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October 3rd, 2019, all was calm for Jac-Lynn Zohfeld, until a sudden wind gust blew her car door wide open, slamming into the vehicle next to her.

"My car door had made a slight ding in her vehicle and there was a streak of red paint from my vehicle." says Zohfeld

The two owners exchanging information at that point, Zohfeld says she knew it was the right thing to do.

"Now I know there's a lot of people that would have just pulled away and not notified her, but I just couldn't with my value system in place. I just couldn't do that."

Her insurance company, State Farm covered all the damages for both vehicles. It wasn't until six months later, when Zohfeld says she felt the real effects of this accident.

"I received my bill and my insurance had gone up 15% and they said, oh, you had a collision claim on your car. I just assumed since I had full coverage on my car, myself fault that they would cover something like that."

According to State Farm's website, damaged caused by wind, does fall under comprehensive coverage, within certain parameters.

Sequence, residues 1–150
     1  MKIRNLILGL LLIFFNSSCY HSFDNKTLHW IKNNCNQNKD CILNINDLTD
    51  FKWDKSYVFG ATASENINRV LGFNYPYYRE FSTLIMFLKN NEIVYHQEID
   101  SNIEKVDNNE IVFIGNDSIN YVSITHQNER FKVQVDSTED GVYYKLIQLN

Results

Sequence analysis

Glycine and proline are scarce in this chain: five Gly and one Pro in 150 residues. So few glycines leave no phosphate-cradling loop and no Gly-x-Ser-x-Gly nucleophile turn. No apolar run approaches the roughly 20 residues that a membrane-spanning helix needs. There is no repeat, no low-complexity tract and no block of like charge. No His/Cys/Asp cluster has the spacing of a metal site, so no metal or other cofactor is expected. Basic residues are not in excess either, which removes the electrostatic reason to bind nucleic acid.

"I was told that in order for it to be in a comprehensive claim, there had to have been 30 mile an hour sustained winds."

Jac-Lynn would also have to prove there was wind damage done in the area. After checking with the Heart of Illinois ABC Storm Team, we found out the highest wind gust that day, 25.3 miles per hour. Not enough to keep rates from going up.

"I'm on a fixed income. I'm a senior. I'm a widow, and there's just not room in my budget for an increase in anything."

She says at this point, she's running on empty in terms of options.

"I have tried to find other automobile insurance and no one will give me a decent rate. Most of them are higher than my currently higher rate."

Now stuck for three years, she's forced to pay the increase, as the saying goes, "Like A Good Neighbor."

Donnie Tillman

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